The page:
A report on school discipline released this week by the Council of State Governments Justice Center and Public Policy Research Institute could trigger moves to curb the liberal use by some schools of suspensions and expulsions for infractions that do not involve violence or school safety.
“Breaking Schools’ Rules” examines the disciplinary, educational and juvenile justice histories of 928,940 Texas students who entered the seventh grade between 2000 and 2003. Of those students, 553,413 (60 percent) received an in-school suspension, out-of-school suspension or temporary expulsion from their school by their 12th grade year (although some never made it that far).
Attorney General Eric Holder today called the study a “landmark effort” as he announced a joint initiative with the Department of Education to address school discipline. (Click here for details on the initiative).
A growing number of experts have focused on suspensions and expulsions as the beginning of the so-called “school-to-prison pipeline,” causing students to disengage from school and become truant or delinquent. Baltimore, which has dramatically reduced the number of students suspended or expelled, has experienced a significant decline in its dropout rate.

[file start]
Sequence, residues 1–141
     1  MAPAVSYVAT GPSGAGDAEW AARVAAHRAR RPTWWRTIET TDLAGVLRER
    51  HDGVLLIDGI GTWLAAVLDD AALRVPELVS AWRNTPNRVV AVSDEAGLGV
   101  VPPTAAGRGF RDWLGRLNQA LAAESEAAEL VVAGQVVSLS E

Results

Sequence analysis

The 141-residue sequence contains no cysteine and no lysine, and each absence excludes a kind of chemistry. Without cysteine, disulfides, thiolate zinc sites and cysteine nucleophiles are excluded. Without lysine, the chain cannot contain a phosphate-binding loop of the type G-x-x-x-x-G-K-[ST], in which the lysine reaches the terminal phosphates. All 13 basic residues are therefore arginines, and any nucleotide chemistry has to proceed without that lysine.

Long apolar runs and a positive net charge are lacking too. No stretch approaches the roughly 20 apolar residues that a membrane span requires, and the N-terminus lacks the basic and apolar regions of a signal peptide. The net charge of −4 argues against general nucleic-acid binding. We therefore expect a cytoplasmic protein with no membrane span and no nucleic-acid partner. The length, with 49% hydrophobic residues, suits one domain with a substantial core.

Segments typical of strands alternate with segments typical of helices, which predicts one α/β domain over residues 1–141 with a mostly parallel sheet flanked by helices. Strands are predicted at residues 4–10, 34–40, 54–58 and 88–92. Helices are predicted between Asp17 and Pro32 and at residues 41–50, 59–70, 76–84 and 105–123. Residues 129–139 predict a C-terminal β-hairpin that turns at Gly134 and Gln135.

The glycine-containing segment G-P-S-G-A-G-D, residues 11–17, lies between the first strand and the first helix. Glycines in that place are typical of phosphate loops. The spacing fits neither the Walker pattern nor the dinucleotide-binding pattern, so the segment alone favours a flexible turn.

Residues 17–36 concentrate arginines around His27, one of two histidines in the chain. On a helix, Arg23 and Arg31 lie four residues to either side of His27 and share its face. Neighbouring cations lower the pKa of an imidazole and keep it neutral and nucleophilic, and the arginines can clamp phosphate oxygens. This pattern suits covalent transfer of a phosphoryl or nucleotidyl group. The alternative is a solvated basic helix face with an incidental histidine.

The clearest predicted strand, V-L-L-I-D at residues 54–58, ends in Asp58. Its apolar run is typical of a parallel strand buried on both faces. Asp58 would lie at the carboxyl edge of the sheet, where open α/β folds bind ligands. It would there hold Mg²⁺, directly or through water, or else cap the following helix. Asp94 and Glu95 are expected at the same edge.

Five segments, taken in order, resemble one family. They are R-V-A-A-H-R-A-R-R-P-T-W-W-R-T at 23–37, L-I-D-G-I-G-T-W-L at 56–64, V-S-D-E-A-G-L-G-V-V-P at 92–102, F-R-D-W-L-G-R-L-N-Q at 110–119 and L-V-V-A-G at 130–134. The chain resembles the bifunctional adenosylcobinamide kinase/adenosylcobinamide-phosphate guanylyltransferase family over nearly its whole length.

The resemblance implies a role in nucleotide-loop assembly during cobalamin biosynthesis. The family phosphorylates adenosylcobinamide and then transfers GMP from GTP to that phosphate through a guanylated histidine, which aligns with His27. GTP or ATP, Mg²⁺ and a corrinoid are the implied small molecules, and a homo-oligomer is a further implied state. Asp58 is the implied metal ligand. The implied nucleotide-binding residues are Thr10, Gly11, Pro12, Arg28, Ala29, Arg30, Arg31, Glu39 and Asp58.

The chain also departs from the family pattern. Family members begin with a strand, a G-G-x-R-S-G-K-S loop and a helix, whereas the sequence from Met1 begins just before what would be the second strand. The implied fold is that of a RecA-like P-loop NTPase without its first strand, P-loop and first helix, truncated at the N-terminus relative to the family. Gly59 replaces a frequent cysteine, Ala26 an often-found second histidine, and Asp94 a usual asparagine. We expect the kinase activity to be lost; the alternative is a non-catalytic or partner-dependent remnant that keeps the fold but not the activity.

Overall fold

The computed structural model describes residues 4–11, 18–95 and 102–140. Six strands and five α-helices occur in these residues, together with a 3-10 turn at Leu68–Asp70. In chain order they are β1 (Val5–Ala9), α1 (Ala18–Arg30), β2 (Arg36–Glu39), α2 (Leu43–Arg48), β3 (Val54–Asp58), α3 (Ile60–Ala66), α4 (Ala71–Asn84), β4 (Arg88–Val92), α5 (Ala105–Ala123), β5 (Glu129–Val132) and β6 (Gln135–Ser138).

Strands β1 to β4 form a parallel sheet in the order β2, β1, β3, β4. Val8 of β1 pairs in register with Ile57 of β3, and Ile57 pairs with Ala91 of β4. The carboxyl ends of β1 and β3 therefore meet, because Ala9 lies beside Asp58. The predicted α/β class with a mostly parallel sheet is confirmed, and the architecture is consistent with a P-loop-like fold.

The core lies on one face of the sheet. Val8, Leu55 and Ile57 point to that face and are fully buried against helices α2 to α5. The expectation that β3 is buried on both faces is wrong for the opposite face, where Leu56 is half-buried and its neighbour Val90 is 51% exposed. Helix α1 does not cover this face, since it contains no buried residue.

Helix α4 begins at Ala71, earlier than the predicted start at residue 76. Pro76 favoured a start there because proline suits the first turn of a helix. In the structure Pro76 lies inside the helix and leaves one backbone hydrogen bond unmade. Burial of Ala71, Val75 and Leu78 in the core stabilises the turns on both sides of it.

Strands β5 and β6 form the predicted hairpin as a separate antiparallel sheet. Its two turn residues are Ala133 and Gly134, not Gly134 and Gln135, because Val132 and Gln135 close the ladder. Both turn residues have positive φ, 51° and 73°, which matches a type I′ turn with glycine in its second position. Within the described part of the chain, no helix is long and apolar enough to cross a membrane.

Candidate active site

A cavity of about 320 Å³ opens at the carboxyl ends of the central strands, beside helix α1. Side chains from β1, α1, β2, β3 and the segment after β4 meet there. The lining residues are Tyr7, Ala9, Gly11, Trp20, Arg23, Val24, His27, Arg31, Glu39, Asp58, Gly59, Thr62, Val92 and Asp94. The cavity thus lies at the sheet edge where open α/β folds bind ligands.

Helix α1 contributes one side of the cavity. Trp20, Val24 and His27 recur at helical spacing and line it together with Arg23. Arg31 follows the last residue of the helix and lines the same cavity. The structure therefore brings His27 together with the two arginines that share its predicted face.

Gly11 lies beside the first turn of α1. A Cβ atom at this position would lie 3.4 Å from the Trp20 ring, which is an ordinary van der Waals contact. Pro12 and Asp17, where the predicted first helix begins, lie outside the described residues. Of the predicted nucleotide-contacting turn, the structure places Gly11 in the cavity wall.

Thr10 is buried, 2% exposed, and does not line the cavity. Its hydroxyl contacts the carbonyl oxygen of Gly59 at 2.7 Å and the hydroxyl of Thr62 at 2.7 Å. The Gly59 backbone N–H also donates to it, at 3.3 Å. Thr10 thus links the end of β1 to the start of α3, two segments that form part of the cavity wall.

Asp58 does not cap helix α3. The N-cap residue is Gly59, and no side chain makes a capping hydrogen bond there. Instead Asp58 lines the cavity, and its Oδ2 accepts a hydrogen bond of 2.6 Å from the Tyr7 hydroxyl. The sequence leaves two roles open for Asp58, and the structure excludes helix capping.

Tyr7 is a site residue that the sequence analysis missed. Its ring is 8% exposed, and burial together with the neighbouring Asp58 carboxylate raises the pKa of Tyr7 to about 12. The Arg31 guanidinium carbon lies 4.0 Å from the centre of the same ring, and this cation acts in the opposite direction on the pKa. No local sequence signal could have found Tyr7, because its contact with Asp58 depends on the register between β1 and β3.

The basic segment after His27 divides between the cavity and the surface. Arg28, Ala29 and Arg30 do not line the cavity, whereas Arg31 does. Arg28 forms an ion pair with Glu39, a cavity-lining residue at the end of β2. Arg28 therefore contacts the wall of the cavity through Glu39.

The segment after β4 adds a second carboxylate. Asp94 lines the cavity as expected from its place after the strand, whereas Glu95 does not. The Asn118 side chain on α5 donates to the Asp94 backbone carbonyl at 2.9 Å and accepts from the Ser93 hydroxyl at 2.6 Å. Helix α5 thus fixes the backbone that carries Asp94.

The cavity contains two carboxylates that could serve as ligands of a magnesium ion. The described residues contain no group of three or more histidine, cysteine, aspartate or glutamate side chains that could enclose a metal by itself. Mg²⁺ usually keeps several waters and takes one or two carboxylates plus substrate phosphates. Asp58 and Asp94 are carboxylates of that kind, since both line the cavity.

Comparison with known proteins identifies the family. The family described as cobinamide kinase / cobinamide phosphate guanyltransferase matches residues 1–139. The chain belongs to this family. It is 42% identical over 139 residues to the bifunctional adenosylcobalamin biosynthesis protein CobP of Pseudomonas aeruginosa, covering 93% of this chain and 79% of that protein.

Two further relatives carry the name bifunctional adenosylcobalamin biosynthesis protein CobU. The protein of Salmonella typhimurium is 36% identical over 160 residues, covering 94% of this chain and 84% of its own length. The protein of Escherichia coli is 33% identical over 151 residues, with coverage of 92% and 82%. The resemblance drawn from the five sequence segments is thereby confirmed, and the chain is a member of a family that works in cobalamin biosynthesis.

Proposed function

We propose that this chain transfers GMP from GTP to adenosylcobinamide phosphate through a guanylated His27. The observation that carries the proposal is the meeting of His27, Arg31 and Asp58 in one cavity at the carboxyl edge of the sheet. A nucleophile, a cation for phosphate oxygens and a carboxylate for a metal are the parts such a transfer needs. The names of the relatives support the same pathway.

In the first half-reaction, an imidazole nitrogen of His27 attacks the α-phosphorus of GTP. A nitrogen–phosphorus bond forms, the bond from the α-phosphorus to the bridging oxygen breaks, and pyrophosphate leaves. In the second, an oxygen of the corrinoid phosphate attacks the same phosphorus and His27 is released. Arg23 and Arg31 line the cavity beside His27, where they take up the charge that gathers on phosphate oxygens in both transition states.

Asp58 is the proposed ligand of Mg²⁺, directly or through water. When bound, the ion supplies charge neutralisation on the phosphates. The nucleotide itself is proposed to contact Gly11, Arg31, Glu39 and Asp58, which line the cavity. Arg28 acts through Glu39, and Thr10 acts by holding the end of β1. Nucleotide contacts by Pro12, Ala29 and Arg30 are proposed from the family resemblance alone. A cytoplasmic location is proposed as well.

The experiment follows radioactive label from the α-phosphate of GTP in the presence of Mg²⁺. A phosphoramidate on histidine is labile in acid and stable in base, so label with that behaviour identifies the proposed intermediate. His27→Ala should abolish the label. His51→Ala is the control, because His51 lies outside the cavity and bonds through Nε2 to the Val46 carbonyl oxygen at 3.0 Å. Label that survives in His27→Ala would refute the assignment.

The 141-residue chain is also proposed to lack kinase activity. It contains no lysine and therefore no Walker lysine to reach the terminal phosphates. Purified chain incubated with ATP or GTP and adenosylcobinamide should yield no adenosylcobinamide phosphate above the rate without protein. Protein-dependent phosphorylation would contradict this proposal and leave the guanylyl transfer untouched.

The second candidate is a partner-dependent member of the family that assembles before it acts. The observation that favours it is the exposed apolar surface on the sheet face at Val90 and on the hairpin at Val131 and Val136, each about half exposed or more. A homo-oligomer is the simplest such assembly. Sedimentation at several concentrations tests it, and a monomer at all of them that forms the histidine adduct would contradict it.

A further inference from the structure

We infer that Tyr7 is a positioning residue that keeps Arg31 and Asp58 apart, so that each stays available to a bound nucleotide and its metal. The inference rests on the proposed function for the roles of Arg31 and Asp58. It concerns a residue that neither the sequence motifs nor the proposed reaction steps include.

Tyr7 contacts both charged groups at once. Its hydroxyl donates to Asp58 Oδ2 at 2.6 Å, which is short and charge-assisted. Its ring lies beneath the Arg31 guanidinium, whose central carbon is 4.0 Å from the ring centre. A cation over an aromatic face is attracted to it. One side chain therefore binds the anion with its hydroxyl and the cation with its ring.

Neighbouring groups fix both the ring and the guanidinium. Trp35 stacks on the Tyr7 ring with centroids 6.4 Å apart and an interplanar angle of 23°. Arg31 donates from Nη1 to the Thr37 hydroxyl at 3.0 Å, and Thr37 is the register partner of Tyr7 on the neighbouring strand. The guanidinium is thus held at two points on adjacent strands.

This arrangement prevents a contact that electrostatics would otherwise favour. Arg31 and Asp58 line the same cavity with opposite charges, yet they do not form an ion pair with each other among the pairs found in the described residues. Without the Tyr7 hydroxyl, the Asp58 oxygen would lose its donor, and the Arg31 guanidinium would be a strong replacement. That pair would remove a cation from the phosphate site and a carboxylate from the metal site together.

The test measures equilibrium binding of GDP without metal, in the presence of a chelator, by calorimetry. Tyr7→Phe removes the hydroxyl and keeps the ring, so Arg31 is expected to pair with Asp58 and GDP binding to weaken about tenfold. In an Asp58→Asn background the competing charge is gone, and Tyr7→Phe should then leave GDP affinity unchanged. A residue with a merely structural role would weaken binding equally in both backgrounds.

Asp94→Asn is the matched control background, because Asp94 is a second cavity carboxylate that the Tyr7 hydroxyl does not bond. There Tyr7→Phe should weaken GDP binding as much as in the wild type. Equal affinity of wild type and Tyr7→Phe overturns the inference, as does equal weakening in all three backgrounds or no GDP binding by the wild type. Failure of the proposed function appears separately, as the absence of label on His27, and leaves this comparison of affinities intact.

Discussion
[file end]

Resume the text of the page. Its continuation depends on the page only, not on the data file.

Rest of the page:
The study found that in Texas few of the school removals were mandated by school code, but were discretionary acts by school officials. It also found that the actions were meted out more frequently to black youths and youths with emotional problems. A high percentage of those students later dropped out of school or had contact with the juvenile justice system.
Among the study’s key findings:
Most (but not all) of the disciplinary actions were short-term.
In all, there were just over 4.9 million suspensions and expulsions were imposed on 553,413 student. Of those 4.9 million actions, 91 percent were suspensions, which by state law are limited to three days whether executed in school or out of school.
Seventy percent of the 4.9 million were in-school suspensions, which can expire in as little as one period or as much as three days. The study did not break out how many of the in-school suspension were for less than a school day.
A total of 15.5 percent of students who received disciplinary actions were sent to Disciplinary Alternative Education Programs, which are controlled by the schools and keep students out of their classroom for an average of 27 days. Another 8.3 percent were either placed in the juvenile justice system’s alternative education program, controlled by the Texas Juvenile Probation Commission, or were expelled.
In Texas, zero-tolerance is more attitude than a policy.
The phrase “zero-tolerance” is frequently used to describe policies that require removal of a student from his classes for certain actions. The study findings dispelled the notion that most suspensions or expulsions in Texas are mandated by school codes.
Of the 4.9 million disciplinary actions that were documented, school codes would have permitted 97.3 percent of them to be resolved by any other reprimand (or none at all).